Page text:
• Call your insurance company to go over the details of your exact coverage.  That's what I did and even though I did not have flood insurance (which would not have helped me anyway...I'll post more about that in another article) I was still able to get some help because our sump pump stopped working. If you had a  downspout brake that could qualify for a partial payout too.  I leaned a lot though this, flood insurance policies have different rules than home policies. If a home or flood adjuster says damage isn't covered, don't take no as an answer so fast.  Get an independent professional to chime in before giving up on collecting insurance benefits.
  • Call 2-1-1 in New Jersey from any phone at anytime.  You'll get a dedicated operator who will connect you with community resources and help you know where to get financial help for recovery.  You an also text your zip code to 898-211 and they will respond by sending you information about resources in your community.  I did this myself.
  • Take Pictures: Before you start cleaning up make sure everything is fully documented.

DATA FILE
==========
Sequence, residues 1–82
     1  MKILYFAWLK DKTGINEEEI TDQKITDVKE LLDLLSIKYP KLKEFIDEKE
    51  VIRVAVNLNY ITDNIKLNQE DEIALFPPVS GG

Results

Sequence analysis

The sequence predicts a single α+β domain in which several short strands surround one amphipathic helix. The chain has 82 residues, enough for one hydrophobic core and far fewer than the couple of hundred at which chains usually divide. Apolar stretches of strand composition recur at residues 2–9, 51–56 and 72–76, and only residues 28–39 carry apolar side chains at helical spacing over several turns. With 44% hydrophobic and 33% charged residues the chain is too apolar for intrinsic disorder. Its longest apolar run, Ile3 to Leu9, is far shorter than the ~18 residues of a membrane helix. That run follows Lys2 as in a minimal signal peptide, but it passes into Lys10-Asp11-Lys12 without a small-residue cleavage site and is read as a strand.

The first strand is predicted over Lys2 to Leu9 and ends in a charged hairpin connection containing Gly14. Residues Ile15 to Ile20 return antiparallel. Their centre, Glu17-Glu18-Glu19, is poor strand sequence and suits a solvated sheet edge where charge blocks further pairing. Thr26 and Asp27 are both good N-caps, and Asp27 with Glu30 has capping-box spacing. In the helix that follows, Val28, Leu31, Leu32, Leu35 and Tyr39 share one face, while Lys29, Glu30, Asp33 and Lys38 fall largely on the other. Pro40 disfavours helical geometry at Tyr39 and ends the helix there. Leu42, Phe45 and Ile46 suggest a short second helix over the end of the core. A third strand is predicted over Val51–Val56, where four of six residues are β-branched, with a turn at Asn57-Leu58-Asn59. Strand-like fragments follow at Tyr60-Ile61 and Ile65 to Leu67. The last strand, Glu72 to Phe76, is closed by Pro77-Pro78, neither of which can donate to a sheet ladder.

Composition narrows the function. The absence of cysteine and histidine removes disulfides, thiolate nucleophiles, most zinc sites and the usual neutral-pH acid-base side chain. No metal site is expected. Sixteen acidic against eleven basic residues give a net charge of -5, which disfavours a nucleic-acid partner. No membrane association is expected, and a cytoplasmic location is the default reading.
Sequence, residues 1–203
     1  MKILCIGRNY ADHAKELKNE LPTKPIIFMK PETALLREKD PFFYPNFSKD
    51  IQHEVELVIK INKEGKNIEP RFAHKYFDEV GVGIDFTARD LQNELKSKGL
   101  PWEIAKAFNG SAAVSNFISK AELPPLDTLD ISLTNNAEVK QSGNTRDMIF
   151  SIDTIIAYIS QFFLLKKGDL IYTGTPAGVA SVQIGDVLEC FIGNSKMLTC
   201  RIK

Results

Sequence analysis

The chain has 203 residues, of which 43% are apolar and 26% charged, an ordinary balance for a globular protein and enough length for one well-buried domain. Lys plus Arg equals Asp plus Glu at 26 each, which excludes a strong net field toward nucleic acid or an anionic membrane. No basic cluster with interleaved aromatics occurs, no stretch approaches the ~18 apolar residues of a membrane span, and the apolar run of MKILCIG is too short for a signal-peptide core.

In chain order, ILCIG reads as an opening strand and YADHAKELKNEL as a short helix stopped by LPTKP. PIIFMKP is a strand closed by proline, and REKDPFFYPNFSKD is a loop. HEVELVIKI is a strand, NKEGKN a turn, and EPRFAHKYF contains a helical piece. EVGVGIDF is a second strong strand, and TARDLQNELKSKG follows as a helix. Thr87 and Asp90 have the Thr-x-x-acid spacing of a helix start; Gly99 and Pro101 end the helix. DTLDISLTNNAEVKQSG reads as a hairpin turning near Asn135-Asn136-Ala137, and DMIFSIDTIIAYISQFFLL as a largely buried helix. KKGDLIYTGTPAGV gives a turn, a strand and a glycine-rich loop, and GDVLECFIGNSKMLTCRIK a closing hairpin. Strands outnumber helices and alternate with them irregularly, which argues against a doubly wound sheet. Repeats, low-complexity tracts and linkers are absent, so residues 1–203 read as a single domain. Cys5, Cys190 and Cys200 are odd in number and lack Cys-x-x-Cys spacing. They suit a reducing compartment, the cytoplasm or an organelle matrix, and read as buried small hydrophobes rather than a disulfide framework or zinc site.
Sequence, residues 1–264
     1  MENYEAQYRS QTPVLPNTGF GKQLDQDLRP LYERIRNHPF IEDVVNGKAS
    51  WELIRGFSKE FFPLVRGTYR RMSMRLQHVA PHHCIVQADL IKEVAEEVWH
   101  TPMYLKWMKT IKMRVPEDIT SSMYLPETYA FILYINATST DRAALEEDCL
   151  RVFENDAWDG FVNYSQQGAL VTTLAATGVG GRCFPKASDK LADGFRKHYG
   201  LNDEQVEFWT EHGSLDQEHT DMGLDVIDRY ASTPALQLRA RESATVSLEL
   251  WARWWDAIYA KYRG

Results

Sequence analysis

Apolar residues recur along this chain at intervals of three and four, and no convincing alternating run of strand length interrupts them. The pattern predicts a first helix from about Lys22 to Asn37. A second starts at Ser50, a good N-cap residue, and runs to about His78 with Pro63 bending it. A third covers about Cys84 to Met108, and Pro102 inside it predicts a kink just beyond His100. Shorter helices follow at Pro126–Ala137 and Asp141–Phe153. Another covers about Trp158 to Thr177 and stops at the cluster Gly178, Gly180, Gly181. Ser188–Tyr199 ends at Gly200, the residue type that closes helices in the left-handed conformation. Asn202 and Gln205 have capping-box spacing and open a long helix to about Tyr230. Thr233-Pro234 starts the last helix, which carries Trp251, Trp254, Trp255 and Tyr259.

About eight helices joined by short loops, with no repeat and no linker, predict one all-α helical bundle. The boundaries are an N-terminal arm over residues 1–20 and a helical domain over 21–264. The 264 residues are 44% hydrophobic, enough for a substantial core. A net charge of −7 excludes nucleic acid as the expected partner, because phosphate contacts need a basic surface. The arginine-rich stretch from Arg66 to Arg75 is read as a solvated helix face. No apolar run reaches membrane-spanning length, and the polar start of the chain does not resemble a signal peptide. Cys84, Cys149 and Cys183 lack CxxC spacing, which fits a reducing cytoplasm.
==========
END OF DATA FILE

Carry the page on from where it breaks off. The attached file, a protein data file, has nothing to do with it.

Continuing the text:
•  Inventory Your losses: Put a value on all your damage and costs to repair/clean and replace property, regardless of your insurance situation. Include the item lost, it's location, the condition and age of item, and it's actual cash value to replace it.
  • Dry Everything To Prevent More Damage:  Mold growth will create more expense so act fast!  The fire department can come pump you out which is a HUGE help if it is at that point. Their hoses remove 100 gallons of water per minute.
  •  Mold can develop within 24 to 48 hours of a flood, so remove wet contents, including carpeting and bedding, as soon as possible.  Get the carpet and the padding AWAY FROM THE WALLS.   If an item has been wet for less than 48 hours, it may be salvageable. However, you'll need to decide whether it holds enough monetary or sentimental value to try to do so. Notify your insurance company before removing and disposing of any large or high value items.